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Why Americans could soon be paying more for food

Why Americans could soon be paying more for food

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Why Americans could soon be paying more for food

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One of the most important commodities has soared in price over the past few weeks. And, if global tensions get worse, American consumers may be hit in their wallet.

Wheat prices have shot up 15% in the past month as the cold, dry weather takes its toll on America's farmland. Yet wheat is still about where it was last year at this time and 20% lower than where it was in August 2012. Wheat closed at $7.1575 per bushel on Wednesday.

(Read: Grain mostly higher, livestock mostly lower)

CNBC contributor Andrew Busch, editor and publisher of The Busch Update, says the bad weather has made it difficult for farmers to plant.

"It's been cold and the ground hasn’t thawed enough where they're going to get the seedlings in April," says Busch.

But, it's not just cold weather and drought conditions driving up wheat prices. Ukraine is in the midst of a standoff with Russia over the status of Crimea. Ukraine is the world's sixth-largest wheat export, notes Busch. He sees American consumers potentially paying for the difficult weather and difficult situation abroad.

"This will take more of their money away from discretionary spending," says Busch. "But, even within the food space, you'll star to see them gravitate towards store brands away from name brands that are sold by General Mills, for instance, if the prices continue to rise."

Talking Numbers contributor Richard Ross, Global Technical Strategist at Auerbach Grayson, believes the charts show that the wheat rally is hitting a critical point, though he is reluctant to rely on technicals too much in this situation. 

"Technicians are always reticent to ascribe too much importance to the shorter-term technicals," says Ross, "when we have a situation in an agricultural commodity which is driven by these exogenous factors such as weather, such as Crimea. Ukraine [is] the breadbasket of Europe.”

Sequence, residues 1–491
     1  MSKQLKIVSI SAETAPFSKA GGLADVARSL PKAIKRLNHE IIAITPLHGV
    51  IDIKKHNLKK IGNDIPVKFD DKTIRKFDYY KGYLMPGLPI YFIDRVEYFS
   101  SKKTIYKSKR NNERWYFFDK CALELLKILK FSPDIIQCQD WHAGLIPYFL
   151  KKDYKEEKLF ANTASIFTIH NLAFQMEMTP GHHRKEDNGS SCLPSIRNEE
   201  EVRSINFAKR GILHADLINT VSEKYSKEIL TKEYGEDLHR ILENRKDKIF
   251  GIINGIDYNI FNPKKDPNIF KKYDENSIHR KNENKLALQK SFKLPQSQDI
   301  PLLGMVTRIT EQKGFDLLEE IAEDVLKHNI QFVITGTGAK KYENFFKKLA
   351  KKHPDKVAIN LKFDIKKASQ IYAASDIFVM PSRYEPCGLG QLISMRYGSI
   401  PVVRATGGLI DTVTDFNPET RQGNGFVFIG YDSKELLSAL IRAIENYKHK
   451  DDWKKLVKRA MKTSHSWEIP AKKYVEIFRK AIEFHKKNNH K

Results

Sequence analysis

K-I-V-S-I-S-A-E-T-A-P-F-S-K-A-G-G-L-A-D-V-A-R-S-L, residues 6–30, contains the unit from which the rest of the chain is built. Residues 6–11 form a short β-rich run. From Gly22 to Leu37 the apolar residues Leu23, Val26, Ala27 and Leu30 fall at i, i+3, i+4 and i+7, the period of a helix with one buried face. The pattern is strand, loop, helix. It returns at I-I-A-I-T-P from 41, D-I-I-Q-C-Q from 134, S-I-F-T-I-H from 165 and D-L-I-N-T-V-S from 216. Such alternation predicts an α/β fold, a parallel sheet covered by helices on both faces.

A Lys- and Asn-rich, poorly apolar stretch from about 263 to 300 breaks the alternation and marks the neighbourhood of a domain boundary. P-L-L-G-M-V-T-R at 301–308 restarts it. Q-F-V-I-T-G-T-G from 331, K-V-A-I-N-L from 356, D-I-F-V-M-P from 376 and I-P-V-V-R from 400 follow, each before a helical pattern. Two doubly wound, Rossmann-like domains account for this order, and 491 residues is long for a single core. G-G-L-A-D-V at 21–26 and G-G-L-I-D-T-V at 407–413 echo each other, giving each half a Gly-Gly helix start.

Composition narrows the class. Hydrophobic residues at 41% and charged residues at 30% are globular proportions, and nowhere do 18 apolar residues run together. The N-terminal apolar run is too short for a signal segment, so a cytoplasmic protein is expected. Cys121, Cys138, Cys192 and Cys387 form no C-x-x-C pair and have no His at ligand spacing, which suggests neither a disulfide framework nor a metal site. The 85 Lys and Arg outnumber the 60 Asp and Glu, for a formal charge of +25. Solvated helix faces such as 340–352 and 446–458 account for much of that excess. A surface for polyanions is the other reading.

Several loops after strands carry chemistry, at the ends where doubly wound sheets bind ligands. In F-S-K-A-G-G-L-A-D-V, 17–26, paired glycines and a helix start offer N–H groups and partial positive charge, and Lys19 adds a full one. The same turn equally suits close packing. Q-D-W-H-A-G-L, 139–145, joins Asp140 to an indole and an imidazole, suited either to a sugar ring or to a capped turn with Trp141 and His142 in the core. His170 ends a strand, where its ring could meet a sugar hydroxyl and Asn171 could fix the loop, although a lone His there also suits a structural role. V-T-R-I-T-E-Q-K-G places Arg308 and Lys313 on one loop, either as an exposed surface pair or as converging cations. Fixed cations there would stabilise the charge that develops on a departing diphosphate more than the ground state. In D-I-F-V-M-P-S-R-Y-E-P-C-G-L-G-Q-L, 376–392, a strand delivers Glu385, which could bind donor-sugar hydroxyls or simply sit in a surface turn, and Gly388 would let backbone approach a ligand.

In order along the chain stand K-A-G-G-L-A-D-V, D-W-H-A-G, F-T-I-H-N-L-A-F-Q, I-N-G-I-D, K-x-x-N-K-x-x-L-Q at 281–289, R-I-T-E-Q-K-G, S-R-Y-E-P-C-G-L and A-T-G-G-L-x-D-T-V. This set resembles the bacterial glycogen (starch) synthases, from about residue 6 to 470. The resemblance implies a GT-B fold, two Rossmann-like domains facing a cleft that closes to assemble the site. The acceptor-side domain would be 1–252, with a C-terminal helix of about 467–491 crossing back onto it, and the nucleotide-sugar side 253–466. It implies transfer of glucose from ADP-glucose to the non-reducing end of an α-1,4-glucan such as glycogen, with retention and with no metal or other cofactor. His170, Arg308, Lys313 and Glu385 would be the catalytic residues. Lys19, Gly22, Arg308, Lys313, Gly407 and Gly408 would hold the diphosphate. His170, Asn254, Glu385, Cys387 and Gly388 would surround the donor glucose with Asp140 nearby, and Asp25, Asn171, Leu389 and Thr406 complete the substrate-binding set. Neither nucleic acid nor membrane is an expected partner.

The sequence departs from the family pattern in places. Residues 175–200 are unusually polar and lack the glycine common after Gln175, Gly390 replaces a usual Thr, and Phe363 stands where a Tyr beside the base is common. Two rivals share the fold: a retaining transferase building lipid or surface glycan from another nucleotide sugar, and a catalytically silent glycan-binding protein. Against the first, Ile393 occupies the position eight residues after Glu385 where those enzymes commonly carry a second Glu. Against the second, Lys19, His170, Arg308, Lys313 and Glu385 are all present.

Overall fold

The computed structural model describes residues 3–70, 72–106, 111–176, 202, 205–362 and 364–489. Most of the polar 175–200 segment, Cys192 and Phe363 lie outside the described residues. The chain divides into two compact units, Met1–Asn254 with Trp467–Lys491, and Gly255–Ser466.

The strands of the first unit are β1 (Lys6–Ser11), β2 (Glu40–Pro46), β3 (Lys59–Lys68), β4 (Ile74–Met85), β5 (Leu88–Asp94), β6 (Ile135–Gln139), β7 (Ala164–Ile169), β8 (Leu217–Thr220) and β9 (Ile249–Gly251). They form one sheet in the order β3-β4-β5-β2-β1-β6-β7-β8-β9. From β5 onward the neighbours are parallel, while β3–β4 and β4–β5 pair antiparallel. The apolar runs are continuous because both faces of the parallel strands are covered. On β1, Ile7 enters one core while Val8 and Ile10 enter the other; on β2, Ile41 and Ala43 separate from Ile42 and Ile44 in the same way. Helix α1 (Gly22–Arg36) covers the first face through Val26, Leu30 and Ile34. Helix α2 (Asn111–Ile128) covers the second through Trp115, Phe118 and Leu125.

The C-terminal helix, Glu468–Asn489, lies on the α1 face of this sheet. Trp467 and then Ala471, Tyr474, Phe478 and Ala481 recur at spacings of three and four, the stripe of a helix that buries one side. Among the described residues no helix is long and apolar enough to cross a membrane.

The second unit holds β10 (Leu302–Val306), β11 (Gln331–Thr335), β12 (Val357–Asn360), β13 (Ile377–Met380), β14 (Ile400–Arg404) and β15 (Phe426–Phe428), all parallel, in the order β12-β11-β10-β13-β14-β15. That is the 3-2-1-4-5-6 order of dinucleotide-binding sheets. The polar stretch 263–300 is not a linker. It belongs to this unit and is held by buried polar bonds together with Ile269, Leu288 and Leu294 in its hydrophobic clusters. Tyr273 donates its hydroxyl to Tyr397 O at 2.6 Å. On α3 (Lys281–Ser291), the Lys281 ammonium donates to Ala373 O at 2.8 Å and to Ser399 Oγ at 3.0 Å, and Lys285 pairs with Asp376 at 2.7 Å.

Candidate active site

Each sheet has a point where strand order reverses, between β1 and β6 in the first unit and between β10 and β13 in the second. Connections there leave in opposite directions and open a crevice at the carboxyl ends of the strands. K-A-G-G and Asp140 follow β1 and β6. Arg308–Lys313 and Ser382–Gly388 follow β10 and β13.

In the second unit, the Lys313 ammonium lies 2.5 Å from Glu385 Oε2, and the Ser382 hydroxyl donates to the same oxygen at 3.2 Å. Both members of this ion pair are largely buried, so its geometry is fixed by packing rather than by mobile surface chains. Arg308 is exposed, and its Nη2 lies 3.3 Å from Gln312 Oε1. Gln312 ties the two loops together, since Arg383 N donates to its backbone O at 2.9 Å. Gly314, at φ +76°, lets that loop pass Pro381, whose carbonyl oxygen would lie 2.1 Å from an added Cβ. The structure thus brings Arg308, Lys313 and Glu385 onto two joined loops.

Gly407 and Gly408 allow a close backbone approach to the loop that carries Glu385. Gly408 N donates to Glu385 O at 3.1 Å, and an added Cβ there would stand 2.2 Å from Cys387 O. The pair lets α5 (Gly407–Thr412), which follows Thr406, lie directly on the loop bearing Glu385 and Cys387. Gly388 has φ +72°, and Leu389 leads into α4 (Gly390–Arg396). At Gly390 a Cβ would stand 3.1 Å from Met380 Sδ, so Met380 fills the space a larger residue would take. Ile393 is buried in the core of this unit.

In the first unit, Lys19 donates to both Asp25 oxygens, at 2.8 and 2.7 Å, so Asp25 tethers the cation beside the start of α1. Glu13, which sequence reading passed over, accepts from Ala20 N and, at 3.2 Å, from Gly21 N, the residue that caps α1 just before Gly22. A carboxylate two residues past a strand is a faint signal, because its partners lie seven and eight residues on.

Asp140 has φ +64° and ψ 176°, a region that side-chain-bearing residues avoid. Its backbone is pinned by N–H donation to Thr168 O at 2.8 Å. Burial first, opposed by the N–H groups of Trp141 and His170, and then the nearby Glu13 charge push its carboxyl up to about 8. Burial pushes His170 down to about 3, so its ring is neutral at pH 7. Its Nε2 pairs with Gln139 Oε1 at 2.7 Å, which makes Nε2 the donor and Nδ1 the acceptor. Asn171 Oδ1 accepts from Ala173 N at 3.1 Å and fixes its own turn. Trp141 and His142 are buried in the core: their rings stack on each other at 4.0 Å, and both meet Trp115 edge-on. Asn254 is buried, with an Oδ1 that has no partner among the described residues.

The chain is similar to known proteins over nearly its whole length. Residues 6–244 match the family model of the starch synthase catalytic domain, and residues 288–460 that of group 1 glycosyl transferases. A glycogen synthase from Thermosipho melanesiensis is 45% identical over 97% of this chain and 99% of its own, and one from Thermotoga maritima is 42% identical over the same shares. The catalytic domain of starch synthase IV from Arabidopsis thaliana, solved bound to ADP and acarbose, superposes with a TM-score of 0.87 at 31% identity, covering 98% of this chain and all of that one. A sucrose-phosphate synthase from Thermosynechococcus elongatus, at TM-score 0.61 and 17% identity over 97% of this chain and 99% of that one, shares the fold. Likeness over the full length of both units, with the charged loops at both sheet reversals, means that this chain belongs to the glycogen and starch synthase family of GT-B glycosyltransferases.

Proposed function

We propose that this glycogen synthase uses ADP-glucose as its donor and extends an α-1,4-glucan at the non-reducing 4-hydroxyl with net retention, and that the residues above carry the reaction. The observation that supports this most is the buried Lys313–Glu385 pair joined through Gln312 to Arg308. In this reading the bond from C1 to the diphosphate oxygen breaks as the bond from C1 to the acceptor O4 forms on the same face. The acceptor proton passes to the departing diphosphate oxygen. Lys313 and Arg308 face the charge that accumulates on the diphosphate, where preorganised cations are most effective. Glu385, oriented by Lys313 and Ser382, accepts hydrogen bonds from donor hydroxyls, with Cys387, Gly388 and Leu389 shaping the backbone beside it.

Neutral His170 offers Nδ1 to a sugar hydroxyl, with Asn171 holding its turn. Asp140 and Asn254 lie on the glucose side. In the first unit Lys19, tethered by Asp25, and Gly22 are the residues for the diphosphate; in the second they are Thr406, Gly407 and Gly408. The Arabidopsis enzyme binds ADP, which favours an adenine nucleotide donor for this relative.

(Read: For US-Russia, Cold War and corn share long history)

The shaky political climate in Eastern Europe will override many chart patterns, according to Ross. Nevertheless, he sees the $7.15 per bushel level as being a critical resistance point based on price patterns over the past few months.

"In the short-term, probably wouldn't chase it here if I were a trader," says Ross. "But, on the same hand, if you were going to short wheat, you've got to keep a tight leash on that short position because above $7.15, there's not a lot standing in the way."

Busch thinks there's one weapon Russia can use should it feel backed in a corner over its position with Crimea. And that could be the catalyst to push wheat prices even higher.

"We don’t know how far these sanctions against Russia are going to go," says Busch. "If they really extend a lot, then Russia can do what they've done in the past, which is shut down wheat exports. That would send the price up significantly."

To see the full discussion on wheat with Busch on the fundamentals and Ross on the technicals, watch the video above.

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